Pioneering development set to increase food waste recycling in the UK
The UKâ€™s first commercial small scale anaerobic digestion (AD) system for localised food waste treatment, which creates power, heat and biofertiliser has been unveiled by Burdens. It has been designed to speed up the adoption of AD food waste treatment plants in the UK through making them commercially viable and thereby increasing recycling rates for municipal and commercial food waste across the country.
Currently a very small percentage of all food waste in the UK is recycled through anaerobic digestion, instead going to landfill, composting or incineration.
Burdens is set to roll out the pioneering compact food waste treatment plants following extensive trials of a demonstrator in South West Wales, which is now accepting waste from Carmarthenshire Council and HRH Prince Charlesâ€™ estate in Wales. Each system will be capable of handling between 3,000 and 5,000 tonnes of food waste per year. Currently a significant proportion of the 19m tonnes of municipal, commercial and industrial food waste, which is generated by homes, retailers, catering operations and food manufacturers, is not recycled. This presents significant opportunities to increase recycling rates and reduce emissions in line with Government and EU targets.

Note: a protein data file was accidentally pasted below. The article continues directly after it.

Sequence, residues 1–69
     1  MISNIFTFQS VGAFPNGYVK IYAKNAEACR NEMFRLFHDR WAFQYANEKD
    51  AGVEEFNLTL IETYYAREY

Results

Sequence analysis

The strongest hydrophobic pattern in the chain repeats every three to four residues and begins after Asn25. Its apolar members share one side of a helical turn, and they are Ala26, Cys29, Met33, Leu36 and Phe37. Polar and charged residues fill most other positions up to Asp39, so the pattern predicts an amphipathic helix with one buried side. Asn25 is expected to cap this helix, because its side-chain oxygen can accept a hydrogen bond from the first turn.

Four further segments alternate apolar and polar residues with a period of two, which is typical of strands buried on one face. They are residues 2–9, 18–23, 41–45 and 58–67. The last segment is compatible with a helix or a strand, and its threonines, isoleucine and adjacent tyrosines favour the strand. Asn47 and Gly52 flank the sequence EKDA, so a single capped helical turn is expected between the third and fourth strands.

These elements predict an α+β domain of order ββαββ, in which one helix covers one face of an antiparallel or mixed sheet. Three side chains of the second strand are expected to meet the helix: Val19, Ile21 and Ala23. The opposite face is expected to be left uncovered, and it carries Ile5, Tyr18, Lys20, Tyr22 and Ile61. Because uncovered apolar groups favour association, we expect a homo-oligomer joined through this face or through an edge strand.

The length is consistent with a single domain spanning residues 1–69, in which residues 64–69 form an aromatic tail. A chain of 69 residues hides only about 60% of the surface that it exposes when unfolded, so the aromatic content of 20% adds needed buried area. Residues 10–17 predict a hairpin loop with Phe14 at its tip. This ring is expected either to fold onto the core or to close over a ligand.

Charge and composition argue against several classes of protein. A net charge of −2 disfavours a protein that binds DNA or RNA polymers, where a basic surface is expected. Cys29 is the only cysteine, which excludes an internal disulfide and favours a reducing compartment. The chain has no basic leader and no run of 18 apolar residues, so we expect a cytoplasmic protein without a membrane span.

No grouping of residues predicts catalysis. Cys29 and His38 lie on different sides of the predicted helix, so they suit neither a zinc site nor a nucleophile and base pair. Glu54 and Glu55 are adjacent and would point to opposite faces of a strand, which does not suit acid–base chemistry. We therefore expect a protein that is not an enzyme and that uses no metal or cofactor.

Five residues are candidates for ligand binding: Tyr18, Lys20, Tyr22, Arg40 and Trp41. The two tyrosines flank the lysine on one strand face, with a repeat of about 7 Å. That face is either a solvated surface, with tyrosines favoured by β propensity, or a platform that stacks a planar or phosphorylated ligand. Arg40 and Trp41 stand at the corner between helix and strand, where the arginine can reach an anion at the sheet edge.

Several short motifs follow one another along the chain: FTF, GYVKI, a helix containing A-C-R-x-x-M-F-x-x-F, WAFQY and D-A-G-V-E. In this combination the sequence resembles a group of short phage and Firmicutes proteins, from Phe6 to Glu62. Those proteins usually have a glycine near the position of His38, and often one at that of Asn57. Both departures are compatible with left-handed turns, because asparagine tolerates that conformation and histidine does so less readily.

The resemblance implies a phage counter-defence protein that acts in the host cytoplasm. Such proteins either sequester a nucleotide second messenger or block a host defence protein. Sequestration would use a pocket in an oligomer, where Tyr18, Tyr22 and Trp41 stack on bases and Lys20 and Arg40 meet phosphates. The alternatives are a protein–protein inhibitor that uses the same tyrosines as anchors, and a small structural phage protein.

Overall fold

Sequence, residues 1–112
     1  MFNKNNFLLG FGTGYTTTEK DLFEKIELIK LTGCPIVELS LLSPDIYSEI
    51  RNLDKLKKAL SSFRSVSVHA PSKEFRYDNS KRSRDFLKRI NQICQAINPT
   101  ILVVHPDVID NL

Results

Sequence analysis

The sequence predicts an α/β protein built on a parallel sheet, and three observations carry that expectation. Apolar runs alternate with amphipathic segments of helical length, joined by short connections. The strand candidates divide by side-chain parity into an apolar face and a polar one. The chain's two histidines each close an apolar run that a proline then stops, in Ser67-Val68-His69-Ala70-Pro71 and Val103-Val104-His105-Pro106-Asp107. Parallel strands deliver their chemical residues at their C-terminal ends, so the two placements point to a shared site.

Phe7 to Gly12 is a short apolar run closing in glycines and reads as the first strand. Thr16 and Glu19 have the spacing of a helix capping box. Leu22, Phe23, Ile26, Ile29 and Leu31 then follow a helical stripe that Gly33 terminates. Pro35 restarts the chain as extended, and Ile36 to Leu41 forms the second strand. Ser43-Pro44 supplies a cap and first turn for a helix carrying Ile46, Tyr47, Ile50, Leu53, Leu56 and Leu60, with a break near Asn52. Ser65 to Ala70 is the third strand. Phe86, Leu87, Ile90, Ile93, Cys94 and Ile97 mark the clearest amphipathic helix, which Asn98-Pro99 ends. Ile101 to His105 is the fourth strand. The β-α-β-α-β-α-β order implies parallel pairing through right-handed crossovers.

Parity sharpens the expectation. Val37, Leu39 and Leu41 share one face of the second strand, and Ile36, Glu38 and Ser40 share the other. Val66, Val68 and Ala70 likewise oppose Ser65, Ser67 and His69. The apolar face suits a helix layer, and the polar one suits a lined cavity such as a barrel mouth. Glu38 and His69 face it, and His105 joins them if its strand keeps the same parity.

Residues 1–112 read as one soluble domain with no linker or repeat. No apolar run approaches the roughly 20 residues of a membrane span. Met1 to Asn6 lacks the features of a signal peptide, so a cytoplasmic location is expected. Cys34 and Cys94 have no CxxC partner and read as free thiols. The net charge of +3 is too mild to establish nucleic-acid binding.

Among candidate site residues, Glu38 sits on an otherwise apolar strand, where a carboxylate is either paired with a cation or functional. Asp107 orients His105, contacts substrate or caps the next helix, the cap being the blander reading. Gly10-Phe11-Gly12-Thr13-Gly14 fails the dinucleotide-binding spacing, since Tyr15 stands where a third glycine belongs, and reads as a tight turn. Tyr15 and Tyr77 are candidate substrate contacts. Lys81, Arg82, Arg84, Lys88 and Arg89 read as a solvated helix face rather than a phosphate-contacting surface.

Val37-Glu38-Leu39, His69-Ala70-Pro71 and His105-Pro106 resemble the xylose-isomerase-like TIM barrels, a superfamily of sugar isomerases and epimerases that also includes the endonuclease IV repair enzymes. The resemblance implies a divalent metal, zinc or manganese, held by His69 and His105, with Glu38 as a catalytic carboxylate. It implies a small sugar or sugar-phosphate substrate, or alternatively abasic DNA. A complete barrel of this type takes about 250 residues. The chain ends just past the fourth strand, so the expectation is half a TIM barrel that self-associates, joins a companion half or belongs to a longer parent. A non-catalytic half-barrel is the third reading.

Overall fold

The issue is that there are only three dedicated AD food waste treatment plants in the UK recycling municipal sourced food waste out of a total of 32, including Burdens pilot site at Llangadog in Carmarthenshire, which will become the companyâ€™s first treatment site for domestic waste. The others treat other types of food wastes from catering outlets, food retailers and manufacturers. Apart from the Burdens plant, the other AD operations are significantly larger and perform a central waste treatment function rather than a local service.
As part of the development programme, Burdens has widely consulted with a number of organisations and Government departments including: Defra, DECC, WRAP, the National Industrial Symbiosis Programme, the Renewable Energy Association, the National Non-Food Crop Centre, the Country Landowners and Business Association, the London Waste and Recycling Board, the London Community Recycling Network and the Royal Agricultural Society of England.